Reliance Globalcom on Tuesday named Ciena (Nasdaq: CIEN) as its optical vendor of choice to upgrade its FNAL backhaul network for its self-built intra-Asia submarine cable system.
By deploying the Ciena gear, the service provider said it will be able to address these new bandwidth demands using 40G Optical Transport Network (OTN)-based wavelengths across FNAL subsea segments, and between its Taipei and Seoul points-of-presence (PoPs).
What drove Reliance to make this network upgrade was the introduction of new business models that require network speeds beyond 10G wavelengths such as content monetization, video broadcasting and distributed storage area networking. Having this higher level of terrestrial backhaul capacity from the cable landing station to the terrestrial PoP will provide the necessary bandwidth consistency to support new services.
With OTN built into the same platform, Reliance can simultaneously offer SDH and Ethernet-based solutions with bandwidth speeds ranging from 1 Gbps up to 40 Gbps, and the option to deliver 2.5 Gbps and 10 Gbps between its PoP locations.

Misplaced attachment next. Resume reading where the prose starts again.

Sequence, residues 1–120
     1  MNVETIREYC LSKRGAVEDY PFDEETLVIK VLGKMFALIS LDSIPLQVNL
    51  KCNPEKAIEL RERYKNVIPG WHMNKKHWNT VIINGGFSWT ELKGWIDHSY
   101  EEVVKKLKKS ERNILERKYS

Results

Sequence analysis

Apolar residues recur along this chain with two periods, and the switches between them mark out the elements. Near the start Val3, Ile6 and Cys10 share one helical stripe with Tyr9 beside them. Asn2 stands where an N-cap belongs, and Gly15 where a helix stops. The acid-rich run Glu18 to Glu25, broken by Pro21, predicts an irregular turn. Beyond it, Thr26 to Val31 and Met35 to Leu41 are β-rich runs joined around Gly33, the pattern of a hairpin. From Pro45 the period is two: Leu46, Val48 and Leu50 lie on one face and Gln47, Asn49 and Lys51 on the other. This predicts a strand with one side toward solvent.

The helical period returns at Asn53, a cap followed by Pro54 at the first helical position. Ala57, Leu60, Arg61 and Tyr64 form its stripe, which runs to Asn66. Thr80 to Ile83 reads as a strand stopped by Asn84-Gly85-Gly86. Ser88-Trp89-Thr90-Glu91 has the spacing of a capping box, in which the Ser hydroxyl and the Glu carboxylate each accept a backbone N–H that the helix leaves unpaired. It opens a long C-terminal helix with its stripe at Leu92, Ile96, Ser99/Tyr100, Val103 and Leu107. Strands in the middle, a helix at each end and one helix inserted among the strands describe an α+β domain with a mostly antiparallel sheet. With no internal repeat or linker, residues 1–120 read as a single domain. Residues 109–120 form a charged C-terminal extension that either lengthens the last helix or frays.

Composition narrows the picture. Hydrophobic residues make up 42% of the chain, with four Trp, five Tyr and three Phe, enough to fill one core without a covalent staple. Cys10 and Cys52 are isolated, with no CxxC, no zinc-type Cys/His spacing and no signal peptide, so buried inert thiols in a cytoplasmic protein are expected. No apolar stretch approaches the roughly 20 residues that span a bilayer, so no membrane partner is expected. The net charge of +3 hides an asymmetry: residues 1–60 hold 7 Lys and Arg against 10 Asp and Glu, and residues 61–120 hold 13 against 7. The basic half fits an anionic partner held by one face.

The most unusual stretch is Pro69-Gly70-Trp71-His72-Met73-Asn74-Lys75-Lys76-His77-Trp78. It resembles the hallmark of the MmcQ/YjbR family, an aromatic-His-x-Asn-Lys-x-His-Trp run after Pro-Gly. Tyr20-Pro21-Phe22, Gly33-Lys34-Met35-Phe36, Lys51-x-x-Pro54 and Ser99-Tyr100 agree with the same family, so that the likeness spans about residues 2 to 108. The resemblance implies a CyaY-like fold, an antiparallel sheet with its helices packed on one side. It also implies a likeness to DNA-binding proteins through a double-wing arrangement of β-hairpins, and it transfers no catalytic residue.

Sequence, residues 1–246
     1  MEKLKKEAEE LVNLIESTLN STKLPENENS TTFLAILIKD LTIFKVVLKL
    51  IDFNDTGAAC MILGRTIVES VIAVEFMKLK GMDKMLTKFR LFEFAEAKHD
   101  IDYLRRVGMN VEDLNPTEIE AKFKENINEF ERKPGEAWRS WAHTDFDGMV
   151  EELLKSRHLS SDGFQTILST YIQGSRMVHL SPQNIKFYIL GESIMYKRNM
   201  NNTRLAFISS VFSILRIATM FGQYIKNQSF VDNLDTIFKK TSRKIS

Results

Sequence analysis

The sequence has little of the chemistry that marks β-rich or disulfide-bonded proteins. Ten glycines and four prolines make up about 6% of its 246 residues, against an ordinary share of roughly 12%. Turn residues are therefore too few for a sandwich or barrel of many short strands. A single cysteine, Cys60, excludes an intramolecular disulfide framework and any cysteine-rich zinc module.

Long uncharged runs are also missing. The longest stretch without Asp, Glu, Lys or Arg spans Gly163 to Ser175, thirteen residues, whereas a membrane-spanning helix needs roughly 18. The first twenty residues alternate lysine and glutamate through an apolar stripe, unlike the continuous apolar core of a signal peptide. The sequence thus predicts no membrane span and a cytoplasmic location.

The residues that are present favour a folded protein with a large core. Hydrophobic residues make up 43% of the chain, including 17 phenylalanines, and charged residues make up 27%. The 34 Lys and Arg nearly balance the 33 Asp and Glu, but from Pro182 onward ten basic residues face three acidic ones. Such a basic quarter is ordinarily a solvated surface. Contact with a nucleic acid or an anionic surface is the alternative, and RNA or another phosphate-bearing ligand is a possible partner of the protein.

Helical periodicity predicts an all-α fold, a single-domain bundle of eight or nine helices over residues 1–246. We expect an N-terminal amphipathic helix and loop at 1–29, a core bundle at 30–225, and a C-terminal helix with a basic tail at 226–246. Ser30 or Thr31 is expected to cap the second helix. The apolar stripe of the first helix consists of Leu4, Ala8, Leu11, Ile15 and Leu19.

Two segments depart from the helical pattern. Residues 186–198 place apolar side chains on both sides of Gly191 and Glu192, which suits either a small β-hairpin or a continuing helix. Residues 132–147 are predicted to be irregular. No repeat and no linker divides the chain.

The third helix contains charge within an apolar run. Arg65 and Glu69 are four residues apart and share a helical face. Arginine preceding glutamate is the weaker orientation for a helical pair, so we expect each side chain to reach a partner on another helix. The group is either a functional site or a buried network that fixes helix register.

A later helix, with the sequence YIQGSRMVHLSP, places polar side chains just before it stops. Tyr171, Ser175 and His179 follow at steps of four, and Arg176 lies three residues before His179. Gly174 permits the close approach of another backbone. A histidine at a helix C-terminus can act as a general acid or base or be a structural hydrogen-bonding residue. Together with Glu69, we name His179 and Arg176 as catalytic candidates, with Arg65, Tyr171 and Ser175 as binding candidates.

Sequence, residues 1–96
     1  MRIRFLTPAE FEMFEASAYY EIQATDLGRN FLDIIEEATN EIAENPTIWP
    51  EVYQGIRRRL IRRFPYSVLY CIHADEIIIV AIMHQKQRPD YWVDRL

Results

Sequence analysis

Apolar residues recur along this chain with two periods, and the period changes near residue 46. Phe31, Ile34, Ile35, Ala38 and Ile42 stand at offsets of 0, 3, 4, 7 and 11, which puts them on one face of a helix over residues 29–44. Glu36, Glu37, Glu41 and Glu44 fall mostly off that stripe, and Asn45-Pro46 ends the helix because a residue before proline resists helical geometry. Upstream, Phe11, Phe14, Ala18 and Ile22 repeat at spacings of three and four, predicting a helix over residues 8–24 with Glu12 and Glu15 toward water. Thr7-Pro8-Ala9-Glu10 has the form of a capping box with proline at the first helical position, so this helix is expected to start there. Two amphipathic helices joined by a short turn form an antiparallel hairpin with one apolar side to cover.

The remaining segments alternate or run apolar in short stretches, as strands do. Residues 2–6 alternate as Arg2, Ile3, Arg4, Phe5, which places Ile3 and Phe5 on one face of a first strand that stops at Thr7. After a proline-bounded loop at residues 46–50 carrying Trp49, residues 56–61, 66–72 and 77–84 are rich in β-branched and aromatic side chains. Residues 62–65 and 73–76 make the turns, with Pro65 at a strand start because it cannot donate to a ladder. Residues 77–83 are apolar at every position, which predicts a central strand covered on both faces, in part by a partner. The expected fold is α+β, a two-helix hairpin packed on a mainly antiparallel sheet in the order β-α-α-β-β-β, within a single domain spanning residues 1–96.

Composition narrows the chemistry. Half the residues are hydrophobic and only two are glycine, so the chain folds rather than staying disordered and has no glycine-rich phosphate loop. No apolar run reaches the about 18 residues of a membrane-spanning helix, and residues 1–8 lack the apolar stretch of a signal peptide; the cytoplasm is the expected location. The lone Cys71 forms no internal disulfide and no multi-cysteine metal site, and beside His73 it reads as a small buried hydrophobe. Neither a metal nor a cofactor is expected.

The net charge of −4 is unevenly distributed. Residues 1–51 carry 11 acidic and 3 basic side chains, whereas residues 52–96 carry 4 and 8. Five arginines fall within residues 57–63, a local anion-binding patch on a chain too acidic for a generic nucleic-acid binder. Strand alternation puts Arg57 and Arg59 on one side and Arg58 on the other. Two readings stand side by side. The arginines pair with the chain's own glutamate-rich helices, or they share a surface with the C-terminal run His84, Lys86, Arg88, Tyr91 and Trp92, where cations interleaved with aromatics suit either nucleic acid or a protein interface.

One of the potential advantages of delivering any service protocol over OTN is that it can give customers greater control over their services for performance monitoring and recovery during outages. In addition, Ciena said that OTN's forward error correction (FEC) mechanism can improve the signal-to-noise ratio (SNR) on the transmission network, resulting in better service quality for real-time applications such as VOIP and video conferencing.
Reliance and Ciena have been working on a number of network upgrade initiatives over the past year, including its most recent update of its FLAG Europe-Asia (FEA) submarine cable network to 100G. Earlier, in 2011, the service provider upgraded its FNAL submarine network, one that includes two key routes that span approximately 5,000 kilometers to connect Japan, Taiwan, South Korea and Hong Kong.
For Ciena, these recent wins to update key Reliance Globalcom routes and a 40G route win with Tata Communications in late 2011 show that even though it's primarily a terrestrial network provider, it can compete effectively against traditional submarine players such as Alcatel-Lucent (NYSE: ALU) and TE SubCom.
- see the release
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